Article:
Sandra Jantjies has been treating underprivileged children in Bonteheuwel to a Christmas party and gifts since 2012. This year, with the help of donors, Jantjies expects to have more than 500 children at her party. Tracey Adams African News Agency (ANA)
Cape Town - Bonteheuwel, a township 15km away from Cape Town, is home to around 45000 people - and more than half of the population are children and teenagers.

For eight years now, Sandra Jantjies has been organising a Christmas party there, where she hands out presents and lunch, and provides entertainment to children.

Jantjies, 56, used to work in a clothing factory in Bonteheuwel.

Her project started in 2011 when, after collecting donations for the neighbour’s children, she handed out about 50 boxes filled with presents.

This year, with many more donors to help her, she plans to have more than 500 packs to give.

“From September I start promoting and people can donate until next weekend,” she said.

The event will be on Thursday December 12, from 1pm to 4pm.

“We give them lunch, we’ve got music, entertainment, ice cream they get such a lot. Last year kids walked out with their hands so full they couldn’t even carry all the stuff.

“But parents aren’t allowed,” she joked, “what I do is for the kids.”

Surrounded by boxes and wrapping paper, Jantjies says that this year they’ve got a lot of toys, but what people usually put in the boxes are much-needed basic toiletries like soap, toothpaste and sanitary towels.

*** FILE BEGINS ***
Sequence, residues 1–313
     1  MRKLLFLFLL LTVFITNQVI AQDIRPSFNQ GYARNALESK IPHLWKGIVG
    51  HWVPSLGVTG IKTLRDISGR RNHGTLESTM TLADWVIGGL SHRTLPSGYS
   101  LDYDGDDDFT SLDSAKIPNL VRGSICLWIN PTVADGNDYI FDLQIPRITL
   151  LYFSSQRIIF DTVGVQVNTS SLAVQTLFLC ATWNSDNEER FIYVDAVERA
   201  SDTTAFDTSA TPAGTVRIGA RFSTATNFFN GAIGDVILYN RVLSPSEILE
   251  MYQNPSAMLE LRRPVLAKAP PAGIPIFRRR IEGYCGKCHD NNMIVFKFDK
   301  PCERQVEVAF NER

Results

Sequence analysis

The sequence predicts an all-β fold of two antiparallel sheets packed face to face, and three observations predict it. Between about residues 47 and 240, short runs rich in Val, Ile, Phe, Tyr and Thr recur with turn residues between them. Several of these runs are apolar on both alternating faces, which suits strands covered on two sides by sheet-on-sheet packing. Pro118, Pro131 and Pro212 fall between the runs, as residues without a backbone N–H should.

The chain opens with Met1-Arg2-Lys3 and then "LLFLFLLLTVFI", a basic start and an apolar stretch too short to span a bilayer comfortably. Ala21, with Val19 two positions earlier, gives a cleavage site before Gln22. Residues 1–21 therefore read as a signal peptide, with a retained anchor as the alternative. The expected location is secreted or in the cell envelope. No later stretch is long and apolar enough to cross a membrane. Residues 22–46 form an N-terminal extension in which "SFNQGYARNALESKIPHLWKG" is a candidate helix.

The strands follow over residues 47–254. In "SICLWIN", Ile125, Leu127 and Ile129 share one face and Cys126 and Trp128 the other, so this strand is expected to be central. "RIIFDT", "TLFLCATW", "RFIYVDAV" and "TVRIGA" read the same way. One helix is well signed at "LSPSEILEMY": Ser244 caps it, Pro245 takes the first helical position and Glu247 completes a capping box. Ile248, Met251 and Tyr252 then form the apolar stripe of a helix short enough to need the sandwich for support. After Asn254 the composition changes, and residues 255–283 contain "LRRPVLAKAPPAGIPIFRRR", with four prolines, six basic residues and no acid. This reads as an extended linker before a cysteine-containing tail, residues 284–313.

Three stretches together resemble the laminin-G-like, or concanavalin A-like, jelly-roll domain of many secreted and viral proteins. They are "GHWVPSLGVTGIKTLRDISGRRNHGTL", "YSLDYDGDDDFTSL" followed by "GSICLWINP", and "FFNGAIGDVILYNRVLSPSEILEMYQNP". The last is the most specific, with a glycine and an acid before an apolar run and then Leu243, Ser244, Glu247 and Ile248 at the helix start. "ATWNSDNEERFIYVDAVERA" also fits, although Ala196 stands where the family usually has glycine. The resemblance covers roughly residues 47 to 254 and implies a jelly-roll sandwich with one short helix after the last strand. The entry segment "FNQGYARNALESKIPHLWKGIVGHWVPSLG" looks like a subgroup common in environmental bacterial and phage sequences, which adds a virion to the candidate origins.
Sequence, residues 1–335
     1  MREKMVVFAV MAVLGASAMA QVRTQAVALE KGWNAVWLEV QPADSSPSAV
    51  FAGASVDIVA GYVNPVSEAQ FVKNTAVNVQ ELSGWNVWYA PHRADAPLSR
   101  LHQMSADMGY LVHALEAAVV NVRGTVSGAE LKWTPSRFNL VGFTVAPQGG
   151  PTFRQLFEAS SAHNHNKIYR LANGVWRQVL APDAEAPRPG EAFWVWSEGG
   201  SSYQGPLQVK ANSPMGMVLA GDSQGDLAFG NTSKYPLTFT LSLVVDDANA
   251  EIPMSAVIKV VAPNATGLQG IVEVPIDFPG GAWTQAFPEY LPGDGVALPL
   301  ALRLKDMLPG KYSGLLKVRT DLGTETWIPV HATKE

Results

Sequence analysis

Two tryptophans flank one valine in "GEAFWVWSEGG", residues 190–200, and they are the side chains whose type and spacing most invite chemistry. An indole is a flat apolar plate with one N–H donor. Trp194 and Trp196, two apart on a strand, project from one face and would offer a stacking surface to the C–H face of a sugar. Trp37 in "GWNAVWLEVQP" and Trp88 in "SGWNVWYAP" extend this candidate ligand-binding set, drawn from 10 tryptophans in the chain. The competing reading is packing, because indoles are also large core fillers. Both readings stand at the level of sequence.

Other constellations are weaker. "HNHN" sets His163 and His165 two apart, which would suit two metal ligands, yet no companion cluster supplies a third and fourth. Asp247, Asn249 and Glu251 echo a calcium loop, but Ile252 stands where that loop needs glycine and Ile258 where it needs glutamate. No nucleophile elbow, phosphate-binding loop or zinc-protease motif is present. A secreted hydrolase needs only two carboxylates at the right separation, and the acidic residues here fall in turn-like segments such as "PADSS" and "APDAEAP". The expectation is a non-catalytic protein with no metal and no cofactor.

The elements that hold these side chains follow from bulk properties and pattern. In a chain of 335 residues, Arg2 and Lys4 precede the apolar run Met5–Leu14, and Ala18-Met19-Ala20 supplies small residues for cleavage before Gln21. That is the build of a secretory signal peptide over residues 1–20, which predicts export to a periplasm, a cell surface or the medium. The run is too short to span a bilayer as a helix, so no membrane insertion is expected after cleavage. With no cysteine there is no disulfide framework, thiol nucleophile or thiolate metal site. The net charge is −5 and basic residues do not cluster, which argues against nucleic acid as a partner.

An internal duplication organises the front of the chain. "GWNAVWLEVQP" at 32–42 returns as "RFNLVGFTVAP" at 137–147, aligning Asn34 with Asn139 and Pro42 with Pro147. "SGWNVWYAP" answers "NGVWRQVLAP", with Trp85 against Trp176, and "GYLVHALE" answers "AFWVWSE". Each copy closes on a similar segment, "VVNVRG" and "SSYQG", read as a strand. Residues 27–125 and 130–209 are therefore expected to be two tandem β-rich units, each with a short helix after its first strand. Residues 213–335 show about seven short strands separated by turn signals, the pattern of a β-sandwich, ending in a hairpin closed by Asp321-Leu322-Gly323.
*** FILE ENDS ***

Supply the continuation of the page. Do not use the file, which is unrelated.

“Most of our kids don’t have stuff like that. If I give soap to a 6-year-old I’ll make sure that he’s going to get the bath, that he’s going to be clean.”

Sandra Janjies from Bonteheuwel has been entertaining underprivileged children with a Christmas party and a gift since 2012. This year, with the help of various donors, Jantjies expects to have 600 children at her Christmas party. Video: Tracey Adams/African News Agency

Other gift items include clothing, condiments and sweets.

“I’m very thankful and grateful for our community because they just love to give. Still, what I feel kids in our community need the most is love,” said Jantjies.

Community Development worker Shahied Africa agreed: “The main challenges are gangsterism, drugs and the lack of family structure,” he said. “They need love, care and a stable environment.”

According to Africa, there are about 24000 children within the community whose parents “can’t always provide a decent meal or fancy clothes”.

Africa says parents usually buy toiletries, but they are struggling and can’t afford them often.

“Poverty alleviation programmes are the solution,” said Africa, along with “educating and empowering parents, and creating employment and more opportunities for them”.


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Cape Argus